Refet Bele

Refet Bele
1314-P. 39[1]

Mirliva Refet Pasha
Born 1881 (1881)
Salonica, Ottoman Empire
Died October 3, 1963(1963-10-03) (aged 81–82)
Istanbul, Turkey
Buried at Zincirlikuyu Mezarlığı
State Cemetery
Allegiance  Ottoman Empire
Years of service Ottoman: 1899–1919
Turkey: July 13, 1919 – December 8, 1926
Rank Mirliva
Commands held Division of the intelligence of the headquarters of the Fourth Army, 10th Division, 3rd Division, 11th Division, Inspector of the Rear Area of Jerusalem, 53rd Division, XXII Corps (deputy), XX Corps, Gendarmerie General Command, III Corps
Minister of the Interior, Southern Part of the Western Front, Minister of Interior, Minister of National Defense, Representative of the TBMM government in Istanbul
Battles/wars Balkan Wars
First World War
War of Independence
Other work Member of the GNAT (Izmir)
Member of the GNAT (Istanbul)

Refet Bele also known as Rafet Bey[2][3][4] or Rafet [Refet] Pasha (1877; Salonica – October 3, 1963; Istanbul) was an officer of the Ottoman Army and the Turkish Army and retired as a general.


He was born to a family in Thessaloniki in 1881. He took the surname Bele because of his grandfather who was originally from Byala/Bele, Bulgaria. Because of the troubles in the Balkans his family moved first to Istanbul but settled later back to Thessaloniki when he was an infant. He studied in the military academy, enrolled in the army and became a member of the Committee of Union and Progress. He took part in the Italo-Turkish War (1911) and then in the Balkan Wars(1912-1913) in which his hometown was lost to the Greeks.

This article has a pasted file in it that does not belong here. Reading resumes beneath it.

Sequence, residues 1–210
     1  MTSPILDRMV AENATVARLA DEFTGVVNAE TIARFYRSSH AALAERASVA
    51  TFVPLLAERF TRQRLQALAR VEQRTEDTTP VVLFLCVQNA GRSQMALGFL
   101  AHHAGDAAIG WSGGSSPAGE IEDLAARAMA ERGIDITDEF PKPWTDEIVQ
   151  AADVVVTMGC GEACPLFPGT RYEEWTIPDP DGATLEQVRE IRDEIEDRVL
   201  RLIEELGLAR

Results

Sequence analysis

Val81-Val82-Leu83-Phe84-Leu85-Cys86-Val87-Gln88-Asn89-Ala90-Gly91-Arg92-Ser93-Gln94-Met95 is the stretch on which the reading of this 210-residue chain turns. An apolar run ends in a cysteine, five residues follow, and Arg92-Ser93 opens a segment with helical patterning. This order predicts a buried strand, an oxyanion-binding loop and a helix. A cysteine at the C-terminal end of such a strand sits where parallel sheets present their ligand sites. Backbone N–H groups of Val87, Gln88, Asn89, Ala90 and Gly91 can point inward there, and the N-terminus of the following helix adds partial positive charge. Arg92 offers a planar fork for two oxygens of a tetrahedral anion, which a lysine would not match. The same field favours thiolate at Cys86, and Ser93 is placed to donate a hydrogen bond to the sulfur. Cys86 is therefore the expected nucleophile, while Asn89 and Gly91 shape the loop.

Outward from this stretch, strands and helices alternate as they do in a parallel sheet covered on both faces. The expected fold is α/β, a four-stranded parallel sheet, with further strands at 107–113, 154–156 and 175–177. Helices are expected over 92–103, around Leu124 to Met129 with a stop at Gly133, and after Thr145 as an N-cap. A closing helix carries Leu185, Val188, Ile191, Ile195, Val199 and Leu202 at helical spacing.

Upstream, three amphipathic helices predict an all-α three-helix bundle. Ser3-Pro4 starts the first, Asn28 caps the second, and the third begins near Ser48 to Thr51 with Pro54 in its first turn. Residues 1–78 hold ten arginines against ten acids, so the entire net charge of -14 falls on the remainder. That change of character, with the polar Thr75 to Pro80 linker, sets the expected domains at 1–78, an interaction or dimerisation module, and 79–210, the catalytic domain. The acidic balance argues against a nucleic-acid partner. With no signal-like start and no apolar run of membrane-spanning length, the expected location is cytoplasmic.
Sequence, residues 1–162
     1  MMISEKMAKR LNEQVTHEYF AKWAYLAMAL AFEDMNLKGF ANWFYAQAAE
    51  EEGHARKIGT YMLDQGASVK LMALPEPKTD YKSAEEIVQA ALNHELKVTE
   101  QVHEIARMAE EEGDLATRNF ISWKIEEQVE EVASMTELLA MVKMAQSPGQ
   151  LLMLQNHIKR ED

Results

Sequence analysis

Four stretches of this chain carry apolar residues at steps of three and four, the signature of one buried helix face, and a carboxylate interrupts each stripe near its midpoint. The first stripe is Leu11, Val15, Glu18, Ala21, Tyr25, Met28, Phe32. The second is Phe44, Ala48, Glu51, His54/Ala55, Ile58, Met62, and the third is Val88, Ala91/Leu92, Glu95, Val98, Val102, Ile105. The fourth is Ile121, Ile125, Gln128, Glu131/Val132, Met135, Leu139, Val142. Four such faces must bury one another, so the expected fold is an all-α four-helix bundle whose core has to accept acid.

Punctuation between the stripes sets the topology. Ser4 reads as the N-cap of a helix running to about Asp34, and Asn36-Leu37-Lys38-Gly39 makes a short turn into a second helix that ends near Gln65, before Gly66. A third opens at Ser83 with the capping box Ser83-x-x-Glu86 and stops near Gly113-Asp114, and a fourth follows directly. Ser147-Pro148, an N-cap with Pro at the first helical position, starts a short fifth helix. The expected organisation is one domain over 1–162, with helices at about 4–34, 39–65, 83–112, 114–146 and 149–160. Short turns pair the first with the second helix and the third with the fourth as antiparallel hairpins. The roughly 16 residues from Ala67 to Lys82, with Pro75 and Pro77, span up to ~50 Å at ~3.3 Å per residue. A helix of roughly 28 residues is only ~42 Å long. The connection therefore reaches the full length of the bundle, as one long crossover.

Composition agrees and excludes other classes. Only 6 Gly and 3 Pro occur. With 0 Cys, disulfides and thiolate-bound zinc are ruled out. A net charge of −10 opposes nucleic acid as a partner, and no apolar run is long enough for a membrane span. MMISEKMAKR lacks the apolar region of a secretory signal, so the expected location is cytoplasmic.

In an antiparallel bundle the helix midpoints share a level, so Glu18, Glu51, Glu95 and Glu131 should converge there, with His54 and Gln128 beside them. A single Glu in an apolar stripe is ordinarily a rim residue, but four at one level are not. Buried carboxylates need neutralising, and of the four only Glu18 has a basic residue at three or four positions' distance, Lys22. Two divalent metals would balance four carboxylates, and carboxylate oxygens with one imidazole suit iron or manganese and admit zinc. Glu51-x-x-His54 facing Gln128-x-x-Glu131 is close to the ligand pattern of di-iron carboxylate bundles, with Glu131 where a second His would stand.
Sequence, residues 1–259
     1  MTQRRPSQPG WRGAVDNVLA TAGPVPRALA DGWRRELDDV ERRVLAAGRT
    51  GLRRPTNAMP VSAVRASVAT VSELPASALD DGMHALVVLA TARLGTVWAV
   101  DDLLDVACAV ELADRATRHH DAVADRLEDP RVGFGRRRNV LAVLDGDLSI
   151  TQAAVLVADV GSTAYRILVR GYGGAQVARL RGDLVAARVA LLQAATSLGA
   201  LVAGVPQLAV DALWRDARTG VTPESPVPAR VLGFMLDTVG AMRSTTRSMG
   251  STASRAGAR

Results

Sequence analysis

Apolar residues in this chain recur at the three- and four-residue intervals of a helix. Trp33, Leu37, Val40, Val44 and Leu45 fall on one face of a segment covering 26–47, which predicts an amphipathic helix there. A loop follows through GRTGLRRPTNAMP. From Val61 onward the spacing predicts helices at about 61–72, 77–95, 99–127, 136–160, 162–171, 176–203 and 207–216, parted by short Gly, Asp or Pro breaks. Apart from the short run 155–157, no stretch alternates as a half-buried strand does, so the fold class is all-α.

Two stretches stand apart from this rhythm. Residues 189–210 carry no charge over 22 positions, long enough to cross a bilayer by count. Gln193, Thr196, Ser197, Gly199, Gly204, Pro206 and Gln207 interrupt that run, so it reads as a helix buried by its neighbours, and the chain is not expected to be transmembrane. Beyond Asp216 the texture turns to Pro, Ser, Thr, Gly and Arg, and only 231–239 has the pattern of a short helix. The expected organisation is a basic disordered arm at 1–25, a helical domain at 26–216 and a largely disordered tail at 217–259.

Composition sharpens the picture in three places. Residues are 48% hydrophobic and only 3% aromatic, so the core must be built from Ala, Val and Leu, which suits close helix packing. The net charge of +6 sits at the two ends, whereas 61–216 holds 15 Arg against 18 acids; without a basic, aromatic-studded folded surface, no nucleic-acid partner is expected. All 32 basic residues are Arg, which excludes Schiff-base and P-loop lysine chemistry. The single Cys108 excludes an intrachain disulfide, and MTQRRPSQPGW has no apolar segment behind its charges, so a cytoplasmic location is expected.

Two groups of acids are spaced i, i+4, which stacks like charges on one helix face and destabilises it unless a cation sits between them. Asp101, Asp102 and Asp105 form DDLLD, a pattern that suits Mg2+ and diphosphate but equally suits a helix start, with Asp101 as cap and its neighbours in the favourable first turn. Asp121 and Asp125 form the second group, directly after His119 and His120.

He took part in World War I and served with distinction at the Palestine front and at the Second battle of Gaza. After the British advance in 1918 he was cut off by his troops but managed to reach the Ottoman base at Tyre 75 miles north, after travelling one week through British lines.[5] He did not speak English but because he moved at night and responded to questions with saluting and riding on a walk he avoided to be captured.[5] He returned to Istanbul after the Armistice of Mudros in 1918.

While in Istanbul, most of Anatolia began to be occupied by foreign powers, the Greeks landed at Smyrna in 1919 where an anti-Turkish massacre took place. In response to the occupation he decided to join the Turkish nationalist movement and crossed over to Anatolia to organize resistance. He took part in the Amasya Circular of 1919 and later in the Erzurum Congress, Alaşehir Congress and Sivas Congress. He later served as minister and later as commander at the Western Front against the Greek armies. He put down several local revolts against the Ankara government. However he had several political disputes with Atatürk and became out of favor. He was tried in court but acquitted of the assassination of Atatürk in 1926. In 1926 he retired from the army and parliament deputy. In his later life he took several different occupations including a second deputy time. He died in Istanbul in 1963.

Claims regarding Greek genocide

Refet is claimed to have been active in the Greek genocide. According to the Austrian consul of "Amisos"(Samsun) on November 1916 a certain "Rafet Bey", it is unknown if this is Refet Bele, supposedly stated “We must finish off the Greeks as we did with the Armenians… today I sent squads to the interior to kill every Greek on sight…”.[6]